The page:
Secretary of Defense Robert Gates
reiterated on Saturday his support for Congress to repeal “Don't
Ask, Don't Tell” during its upcoming lame-duck session, American
Forces Press Service reported.
Gates made his comments while speaking
to reporters en route to Australia-U.S. defense and diplomatic
meetings in Melbourne.
“I would like to see the repeal of
'Don't Ask, Don't Tell' but I'm not sure what the prospects for that
are,” Gates said.
Opponents of the policy that bans gay
and bisexual service members from serving openly and which has ended
the military careers of more than 13,000 service members in its
17-year history are lobbying Congress to take a second look at repeal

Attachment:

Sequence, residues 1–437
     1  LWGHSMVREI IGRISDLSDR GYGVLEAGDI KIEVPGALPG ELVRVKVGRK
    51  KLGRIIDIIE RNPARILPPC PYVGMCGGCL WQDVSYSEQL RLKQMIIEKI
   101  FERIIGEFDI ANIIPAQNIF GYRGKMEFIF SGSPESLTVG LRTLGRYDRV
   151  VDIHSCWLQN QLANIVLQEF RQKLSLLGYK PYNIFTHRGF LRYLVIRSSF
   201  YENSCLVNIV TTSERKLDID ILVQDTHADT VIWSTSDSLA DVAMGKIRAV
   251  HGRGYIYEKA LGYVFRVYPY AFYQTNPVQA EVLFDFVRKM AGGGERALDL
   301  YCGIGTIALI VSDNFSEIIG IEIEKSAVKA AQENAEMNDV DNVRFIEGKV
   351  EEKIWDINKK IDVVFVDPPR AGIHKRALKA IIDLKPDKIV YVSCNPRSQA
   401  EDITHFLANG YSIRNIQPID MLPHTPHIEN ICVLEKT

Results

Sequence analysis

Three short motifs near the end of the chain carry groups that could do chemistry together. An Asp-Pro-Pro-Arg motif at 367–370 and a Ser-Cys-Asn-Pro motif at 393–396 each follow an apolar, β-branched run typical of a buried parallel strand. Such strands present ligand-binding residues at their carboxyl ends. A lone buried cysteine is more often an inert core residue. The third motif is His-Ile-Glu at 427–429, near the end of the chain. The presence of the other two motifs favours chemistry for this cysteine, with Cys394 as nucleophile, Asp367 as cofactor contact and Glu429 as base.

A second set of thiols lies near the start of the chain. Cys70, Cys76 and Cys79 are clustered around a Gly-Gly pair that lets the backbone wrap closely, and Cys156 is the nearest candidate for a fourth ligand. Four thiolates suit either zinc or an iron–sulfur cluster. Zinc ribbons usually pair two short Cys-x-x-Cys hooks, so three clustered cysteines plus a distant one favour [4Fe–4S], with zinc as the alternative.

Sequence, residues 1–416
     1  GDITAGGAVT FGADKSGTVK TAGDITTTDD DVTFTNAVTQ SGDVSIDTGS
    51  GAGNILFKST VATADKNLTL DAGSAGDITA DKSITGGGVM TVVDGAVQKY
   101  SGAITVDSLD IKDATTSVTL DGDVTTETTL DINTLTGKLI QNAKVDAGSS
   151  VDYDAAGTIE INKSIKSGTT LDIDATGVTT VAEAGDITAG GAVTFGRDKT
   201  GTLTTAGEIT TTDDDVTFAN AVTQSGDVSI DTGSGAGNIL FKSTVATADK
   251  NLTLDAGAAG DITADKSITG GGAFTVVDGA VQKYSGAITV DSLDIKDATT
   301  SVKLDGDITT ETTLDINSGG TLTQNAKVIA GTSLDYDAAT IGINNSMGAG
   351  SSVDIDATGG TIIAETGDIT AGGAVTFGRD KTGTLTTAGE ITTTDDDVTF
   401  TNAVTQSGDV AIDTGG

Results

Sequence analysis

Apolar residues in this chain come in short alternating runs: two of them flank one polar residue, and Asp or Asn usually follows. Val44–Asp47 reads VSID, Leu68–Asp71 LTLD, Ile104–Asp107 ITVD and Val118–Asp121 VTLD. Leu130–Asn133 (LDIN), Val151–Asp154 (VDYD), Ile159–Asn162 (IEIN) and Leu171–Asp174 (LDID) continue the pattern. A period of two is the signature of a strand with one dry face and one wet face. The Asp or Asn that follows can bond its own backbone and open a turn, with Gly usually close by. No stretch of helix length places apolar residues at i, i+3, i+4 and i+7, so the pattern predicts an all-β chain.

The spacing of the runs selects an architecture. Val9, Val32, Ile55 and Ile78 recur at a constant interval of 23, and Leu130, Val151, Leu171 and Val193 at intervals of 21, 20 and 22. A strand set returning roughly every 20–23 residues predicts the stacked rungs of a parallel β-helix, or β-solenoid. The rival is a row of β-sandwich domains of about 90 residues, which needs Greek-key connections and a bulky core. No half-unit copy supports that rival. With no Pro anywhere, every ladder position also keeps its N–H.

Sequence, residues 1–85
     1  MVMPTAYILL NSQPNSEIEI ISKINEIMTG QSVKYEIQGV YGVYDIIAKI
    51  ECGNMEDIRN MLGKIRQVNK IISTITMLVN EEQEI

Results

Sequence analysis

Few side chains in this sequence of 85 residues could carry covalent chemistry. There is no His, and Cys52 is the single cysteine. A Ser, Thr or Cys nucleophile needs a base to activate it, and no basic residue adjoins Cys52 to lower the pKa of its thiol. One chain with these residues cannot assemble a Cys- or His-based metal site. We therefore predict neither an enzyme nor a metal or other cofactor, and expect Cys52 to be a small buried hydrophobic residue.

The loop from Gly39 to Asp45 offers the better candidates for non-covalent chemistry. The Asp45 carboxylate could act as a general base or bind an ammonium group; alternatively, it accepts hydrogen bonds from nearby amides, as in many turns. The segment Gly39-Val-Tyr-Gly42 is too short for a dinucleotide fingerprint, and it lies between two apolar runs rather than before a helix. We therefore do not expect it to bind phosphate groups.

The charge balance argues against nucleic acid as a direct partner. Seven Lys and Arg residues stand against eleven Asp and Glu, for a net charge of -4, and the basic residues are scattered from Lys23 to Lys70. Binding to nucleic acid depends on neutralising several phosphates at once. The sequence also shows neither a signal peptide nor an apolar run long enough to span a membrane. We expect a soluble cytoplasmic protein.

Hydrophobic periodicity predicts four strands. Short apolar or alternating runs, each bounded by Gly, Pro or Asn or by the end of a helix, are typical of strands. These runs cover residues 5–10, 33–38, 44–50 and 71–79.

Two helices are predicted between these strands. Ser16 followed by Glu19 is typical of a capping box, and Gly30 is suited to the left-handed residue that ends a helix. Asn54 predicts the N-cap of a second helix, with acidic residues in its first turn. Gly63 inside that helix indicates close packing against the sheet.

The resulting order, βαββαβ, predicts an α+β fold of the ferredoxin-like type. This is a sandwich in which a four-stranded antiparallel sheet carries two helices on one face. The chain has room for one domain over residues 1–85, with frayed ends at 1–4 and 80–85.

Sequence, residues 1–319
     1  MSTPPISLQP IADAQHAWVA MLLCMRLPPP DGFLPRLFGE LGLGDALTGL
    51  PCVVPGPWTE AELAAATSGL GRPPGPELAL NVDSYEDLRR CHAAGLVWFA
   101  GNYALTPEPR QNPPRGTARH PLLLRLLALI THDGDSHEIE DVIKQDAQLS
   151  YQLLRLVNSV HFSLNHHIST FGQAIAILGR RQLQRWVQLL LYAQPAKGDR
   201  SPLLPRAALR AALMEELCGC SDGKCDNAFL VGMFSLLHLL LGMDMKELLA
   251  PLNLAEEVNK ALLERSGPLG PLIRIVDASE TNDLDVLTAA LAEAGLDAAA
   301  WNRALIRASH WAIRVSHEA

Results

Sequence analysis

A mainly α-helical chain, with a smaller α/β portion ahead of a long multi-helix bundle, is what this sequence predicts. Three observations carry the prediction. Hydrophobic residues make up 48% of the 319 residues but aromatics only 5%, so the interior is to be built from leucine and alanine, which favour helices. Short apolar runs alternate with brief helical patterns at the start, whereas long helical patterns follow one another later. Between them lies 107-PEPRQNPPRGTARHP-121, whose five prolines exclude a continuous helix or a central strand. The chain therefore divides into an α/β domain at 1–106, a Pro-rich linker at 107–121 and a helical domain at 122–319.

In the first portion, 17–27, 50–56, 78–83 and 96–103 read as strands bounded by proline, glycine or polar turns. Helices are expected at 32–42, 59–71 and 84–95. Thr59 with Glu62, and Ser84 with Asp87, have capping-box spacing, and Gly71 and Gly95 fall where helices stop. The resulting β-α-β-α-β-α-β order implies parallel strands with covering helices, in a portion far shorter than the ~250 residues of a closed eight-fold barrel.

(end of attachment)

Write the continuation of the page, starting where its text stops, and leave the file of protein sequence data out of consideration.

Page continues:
before new members take their seats in January.
President Barack Obama said he sees an
opportunity to repeal the ban after the Pentagon delivers its study
on repeal, which includes a survey of how troops and their families
feel about the issue. The study is due on the president's desk on
December 1. “That will give us time to act, potentially, during
the lame-duck session to change this policy,” he said Wednesday
during his post-election news conference.
Opponents of lifting the ban chided the
president for pressing ahead with repeal after Tuesday's election
“When it comes to the homosexual
agenda, the American people could not be clearer,” Tony Perkins,
president of the Family Research Council (FRC), the Christian-based
group that opposes repeal, said.
Republicans will take over control of
the House in January, and increase their numbers in the Senate,
making repeal much more difficult. Arizona
Senator John McCain has already pledged to filibuster any attempt at
repealing the Clinton-era policy.